A San Diego judge has ruled that the victims and families of the 2019 synagogue shooting at a Chabad synagogue near San Diego that killed one congregant and injured three others can proceed with a lawsuit against the manufacturer of the semiautomatic rifle and the gun store where it was illegally purchased by the shooter, reported Reuters.

California law stipulates that no one under 21 can purchase or own long guns. The alleged gunman John Earnest was 19-years old at the time he purchased the AR-15 semiautomatic rifle used in the shooting.

He did not have a valid hunting license that would have given him an exemption from the age statute.

The attack took place on April 27, 2019, the last day of Passover. A gunman armed with an AR-15 entered the Chabad of Poway synagogue in Poway, California, firing at worshippers, killing one woman and injuring three others including the rabbi.

Shortly after leaving the scene, Earnest reportedly called 911 to report the shooting. He was arrested two miles from the synagogue in his car by police.

Judge Kenneth Medel of the San Diego County superior court ruled against Smith & Wesson’s argument that the lawsuit contravened the Protection of Lawful Commerce in Arms Act (PLCAA).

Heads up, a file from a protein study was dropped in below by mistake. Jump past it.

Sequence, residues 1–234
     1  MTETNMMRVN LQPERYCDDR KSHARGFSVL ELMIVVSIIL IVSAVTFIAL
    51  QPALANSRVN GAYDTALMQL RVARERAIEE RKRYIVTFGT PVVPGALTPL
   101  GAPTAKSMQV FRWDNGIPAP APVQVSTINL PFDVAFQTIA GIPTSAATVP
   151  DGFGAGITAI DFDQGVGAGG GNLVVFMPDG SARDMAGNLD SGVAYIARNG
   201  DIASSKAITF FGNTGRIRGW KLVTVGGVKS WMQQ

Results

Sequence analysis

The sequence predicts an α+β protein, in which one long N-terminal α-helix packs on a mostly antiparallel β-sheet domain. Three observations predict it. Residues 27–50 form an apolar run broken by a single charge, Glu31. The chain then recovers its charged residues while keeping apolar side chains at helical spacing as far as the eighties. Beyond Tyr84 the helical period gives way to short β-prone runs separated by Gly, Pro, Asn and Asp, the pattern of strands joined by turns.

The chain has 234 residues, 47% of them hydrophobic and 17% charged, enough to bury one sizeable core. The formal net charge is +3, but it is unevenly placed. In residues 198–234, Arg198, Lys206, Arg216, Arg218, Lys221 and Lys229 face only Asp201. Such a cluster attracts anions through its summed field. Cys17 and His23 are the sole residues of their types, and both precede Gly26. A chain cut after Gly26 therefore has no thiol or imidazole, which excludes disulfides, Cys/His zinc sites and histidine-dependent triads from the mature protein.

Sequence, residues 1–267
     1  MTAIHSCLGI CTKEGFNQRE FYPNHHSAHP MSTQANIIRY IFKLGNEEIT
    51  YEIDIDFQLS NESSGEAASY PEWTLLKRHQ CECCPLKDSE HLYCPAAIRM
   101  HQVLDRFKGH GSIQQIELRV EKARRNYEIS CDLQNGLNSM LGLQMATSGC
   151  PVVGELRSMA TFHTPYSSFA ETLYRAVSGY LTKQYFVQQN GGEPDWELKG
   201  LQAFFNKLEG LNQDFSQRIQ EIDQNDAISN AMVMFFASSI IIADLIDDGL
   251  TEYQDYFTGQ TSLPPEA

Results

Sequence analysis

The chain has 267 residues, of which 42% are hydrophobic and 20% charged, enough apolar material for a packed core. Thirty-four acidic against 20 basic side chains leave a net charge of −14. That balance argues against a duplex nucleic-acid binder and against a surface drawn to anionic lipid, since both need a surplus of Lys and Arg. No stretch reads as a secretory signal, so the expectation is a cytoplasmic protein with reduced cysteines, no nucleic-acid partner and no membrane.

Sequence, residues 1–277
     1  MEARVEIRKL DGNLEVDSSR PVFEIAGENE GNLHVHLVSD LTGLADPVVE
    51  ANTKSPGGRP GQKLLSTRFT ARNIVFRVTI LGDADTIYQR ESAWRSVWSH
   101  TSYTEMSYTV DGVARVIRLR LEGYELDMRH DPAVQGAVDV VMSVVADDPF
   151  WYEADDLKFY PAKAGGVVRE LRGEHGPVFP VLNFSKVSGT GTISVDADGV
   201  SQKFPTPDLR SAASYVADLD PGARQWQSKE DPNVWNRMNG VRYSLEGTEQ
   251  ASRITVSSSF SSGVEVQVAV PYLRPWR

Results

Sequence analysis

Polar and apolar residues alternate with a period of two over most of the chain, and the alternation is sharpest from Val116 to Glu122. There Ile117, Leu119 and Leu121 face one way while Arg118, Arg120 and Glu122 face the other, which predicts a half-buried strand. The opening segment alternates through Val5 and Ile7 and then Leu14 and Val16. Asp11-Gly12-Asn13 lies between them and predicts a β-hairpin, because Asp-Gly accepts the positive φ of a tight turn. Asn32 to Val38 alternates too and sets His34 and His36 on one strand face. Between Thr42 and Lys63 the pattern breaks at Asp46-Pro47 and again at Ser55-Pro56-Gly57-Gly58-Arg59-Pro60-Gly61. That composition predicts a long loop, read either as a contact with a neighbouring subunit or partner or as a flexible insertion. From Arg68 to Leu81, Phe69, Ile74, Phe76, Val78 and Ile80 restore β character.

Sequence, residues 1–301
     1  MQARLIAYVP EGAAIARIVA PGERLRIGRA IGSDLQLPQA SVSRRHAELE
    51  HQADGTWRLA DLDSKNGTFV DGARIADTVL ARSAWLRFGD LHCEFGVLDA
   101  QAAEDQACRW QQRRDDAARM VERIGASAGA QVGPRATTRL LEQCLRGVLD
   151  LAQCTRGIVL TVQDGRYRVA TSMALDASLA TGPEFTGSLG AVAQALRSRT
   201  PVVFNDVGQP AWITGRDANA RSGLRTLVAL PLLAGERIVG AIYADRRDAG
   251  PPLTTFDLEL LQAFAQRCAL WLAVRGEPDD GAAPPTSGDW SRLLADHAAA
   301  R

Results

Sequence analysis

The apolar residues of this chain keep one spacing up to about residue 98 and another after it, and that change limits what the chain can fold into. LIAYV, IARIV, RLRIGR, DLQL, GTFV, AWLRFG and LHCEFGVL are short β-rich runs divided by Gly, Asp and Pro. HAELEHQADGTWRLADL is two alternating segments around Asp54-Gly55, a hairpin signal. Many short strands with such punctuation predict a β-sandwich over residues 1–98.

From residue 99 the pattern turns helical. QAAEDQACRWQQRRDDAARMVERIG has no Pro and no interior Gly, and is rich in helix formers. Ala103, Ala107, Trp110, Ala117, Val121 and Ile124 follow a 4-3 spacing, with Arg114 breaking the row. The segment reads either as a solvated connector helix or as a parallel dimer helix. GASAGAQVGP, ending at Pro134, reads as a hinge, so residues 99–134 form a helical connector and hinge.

The PLCAA is a federal law that protects gun manufacturers from being held liable over shootings.

"Today's judgment is a victory, and an important step on the road to justice for the victims of the shooting at Chabad of Poway Synagogue, and all Americans who believe that the gun industry is not above the law," said Jonathan Lowy, the plaintiffs’ lawyer. "We look forward to proving our case in court, and working to prevent future tragedies."

The suit was initially filed in 2020 on behalf of Rabbi Yisroel Goldstein, now retired, who was wounded in the attack, and seven others present, including 10-year-old Noya Dahan and her uncle Almog Peretz, who were both injured by shrapnel, reported the San Diego Tribune.

Lori Gilbert-Kaye, 60, was killed in the attack after she was shot twice in the back in the lobby of the synagogue.